One of my favorite episodes of Spider-man: The Animated Series featured the character Daredevil, a blind New York City Attorney with amazing physical powers through the use of his other senses.
It turns out my local library system had the Essential Daredevil, Vol. 1 containing his first twenty-five issues from the 1960s.
So below are my thoughts:
Origin: Matt Murdoch loses his sight in accident while trying to save a blind man from being hit. Due to radioactive material, he not only develops stronger senses as is typical with blind people but also extremely enhanced senses that also completely compensate for sight giving him a sort of radar vision among other things.
Murdoch's father, a boxer, is murdered for not fixing a fight. But he has urged Matt not to make his living with his fists. Matt honors his father's wishes and graduates from Law School but is unable to focus on his work until his father's brought to justice. He designs the Daredevil costume. He'd been teased by kids in school as a "Daredevil" and adopted that name. He set out to find his father's killer and took care of that in Issue #1. And thus begins a long career of crimefighting.
The Supporting Cast: Foggy Nelson, his law partner and Murdoch are in love with the same girl, their secretary Karen Page. Karen cares more for both Daredevil and Murdoch than Nelson. Foggy is a somewhat insecure and vain character, although he can be heroic in a pinch. In one arch, Spider-man sees Daredevil going into Murdoch and Nelson's office and concludes that Foggy is Daredevil because it couldn't possibly be the blind guy. Foggy than tries to subtly convince Karen he's Daredevil, putting their lives at risk.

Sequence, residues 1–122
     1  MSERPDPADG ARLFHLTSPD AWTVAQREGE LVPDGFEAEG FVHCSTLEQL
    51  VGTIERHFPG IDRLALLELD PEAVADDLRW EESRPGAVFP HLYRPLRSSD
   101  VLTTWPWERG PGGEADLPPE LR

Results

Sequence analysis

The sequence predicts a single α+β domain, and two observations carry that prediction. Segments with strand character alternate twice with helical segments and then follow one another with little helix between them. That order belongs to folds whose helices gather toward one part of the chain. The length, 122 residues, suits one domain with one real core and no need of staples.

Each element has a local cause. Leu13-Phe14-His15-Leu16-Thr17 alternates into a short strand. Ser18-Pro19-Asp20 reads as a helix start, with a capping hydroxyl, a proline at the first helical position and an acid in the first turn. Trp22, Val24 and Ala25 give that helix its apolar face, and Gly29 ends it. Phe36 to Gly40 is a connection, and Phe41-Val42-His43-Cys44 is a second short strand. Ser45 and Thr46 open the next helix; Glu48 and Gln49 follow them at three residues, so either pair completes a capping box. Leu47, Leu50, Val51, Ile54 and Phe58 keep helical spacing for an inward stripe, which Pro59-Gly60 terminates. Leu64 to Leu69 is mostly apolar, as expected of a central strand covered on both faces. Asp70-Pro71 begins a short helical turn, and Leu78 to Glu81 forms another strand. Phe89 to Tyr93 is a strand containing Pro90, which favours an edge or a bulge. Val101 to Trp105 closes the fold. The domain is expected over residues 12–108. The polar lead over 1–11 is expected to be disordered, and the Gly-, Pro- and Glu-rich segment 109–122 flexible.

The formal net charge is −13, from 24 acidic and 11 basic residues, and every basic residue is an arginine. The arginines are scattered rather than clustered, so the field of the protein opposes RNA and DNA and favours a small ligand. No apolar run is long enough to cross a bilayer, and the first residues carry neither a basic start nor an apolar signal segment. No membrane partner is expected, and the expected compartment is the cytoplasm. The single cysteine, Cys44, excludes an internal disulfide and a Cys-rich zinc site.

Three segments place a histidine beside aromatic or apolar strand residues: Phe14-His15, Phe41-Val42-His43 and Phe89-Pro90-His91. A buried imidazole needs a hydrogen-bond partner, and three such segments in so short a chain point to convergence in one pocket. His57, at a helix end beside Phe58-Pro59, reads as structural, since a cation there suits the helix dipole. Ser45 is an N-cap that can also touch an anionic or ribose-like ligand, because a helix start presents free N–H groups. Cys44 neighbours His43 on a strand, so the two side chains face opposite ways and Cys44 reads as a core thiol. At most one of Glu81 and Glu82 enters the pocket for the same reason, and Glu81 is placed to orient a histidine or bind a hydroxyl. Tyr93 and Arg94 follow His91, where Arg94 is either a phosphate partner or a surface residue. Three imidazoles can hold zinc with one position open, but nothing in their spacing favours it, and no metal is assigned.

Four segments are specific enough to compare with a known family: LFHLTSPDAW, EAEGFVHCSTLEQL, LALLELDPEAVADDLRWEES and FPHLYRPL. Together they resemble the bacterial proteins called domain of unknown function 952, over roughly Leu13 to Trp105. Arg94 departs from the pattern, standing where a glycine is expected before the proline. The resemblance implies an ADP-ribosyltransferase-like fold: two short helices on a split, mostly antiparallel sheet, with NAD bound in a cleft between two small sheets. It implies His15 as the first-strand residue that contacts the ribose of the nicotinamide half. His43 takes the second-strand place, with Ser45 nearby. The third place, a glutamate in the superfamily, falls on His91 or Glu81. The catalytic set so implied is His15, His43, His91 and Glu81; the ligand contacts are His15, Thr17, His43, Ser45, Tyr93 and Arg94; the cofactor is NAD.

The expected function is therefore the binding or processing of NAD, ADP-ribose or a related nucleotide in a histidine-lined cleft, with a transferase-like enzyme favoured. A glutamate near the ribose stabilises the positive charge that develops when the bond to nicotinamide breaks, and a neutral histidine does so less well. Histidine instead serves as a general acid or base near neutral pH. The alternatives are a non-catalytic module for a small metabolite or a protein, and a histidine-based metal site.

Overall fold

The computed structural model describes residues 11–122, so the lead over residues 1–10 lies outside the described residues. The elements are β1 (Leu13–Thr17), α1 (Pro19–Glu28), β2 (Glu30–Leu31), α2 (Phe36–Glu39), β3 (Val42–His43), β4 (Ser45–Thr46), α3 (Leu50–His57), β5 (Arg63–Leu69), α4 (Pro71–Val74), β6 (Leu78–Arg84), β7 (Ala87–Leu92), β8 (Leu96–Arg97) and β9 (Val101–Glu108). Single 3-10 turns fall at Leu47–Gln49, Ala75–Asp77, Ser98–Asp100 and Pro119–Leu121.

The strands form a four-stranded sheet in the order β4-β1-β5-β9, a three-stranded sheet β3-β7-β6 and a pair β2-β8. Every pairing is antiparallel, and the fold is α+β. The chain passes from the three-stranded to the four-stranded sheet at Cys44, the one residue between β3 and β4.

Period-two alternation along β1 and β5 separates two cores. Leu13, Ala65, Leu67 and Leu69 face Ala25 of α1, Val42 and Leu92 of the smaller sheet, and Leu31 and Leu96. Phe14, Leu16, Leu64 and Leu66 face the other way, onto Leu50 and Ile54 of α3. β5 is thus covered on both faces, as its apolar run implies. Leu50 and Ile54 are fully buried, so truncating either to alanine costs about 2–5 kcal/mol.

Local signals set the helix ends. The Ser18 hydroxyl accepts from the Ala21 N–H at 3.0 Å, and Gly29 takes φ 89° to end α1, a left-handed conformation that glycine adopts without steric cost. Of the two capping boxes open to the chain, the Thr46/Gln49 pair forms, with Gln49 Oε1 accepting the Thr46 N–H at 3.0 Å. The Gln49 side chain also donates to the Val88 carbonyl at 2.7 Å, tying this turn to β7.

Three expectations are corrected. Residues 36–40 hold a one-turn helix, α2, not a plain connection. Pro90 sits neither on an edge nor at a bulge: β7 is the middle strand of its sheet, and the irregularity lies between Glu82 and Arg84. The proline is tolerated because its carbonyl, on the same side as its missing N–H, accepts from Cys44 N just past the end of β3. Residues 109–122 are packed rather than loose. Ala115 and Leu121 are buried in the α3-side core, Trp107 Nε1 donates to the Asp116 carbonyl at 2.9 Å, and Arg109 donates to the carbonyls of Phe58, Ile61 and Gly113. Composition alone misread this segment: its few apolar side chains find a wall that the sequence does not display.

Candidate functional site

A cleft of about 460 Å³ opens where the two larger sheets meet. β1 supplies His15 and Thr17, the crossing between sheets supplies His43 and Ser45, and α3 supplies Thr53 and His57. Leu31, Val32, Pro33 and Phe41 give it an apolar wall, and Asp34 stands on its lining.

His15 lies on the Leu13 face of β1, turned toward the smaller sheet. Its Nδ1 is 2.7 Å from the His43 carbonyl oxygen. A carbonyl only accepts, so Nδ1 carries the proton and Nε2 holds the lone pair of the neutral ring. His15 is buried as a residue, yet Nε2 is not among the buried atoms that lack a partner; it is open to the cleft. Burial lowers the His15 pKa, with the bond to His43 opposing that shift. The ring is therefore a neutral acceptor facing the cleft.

Karen tends to be a little irritating. The art of Gene Colan art makes her look more attractive than earlier issues, but she's a little too focused on Matt's blindness. Her ability to make assumptions plus her guilelessness goes a little beyond innocent. She never truly does anything stupid, but she's no Mary Jane Watson.
Plot and Character: The book has been criticized for its B-grade villains and to an extent, it's true. The original Daredevil villains tend to be a little lame with character like the Matador and Stiltman and the Purple Man is a bit weird.
However, the stories are swashbuckling fun. The quality of villains picks up in Issue 6 when he meets the Fellowship of Fear that includes one villain who can fire a ray that induces large amount of fear-a big challenge for the Man Without Fear.
The Masked Marauder may be a bit of a generic character but he does work as a mastermind foil for Daredevil. The Gladiator and Tri-man are great physical challenges and even the Owl improves on his second appearance.
In addition to that, Daredevil meets up with Spider-man, Kazar, and the Submariner in this book. While some may dis Stan Lee's writing, I love it. He gives the stories a conversational air. I found myself chuckling at his notes several times and while most fans seem to hate the introduction of Mike Murdoch (Matt's Alleged twin brother (really Matt himself) meant to cover his secret identity), I thought it was an amusing and fun bit of 60s craziness.
No, you don't have great villains, but the book is pure Silver Age fun.
The character of Matt Murdoch is interesting. He seems to be addicted to adrenaline, which would seem to be his prime motivation for carrying on as Daredevil after his father's murderer was caught. He knows things are traps but boldly walks in wanting to see what will happen. Occasionally, The Man Without Fear acts like the Man Without Sense.
Clearly Matt feels constrained by what people expect of a blind man in terms of being helpless. In Issue 24, he declares that it feels like Matt Murdoch is the mask while Daredevil is the real person. A nice serious character conflict to go with all the fun of these books.
Overall, this is just a wonderful version of the character before Frank Miller had his way with him.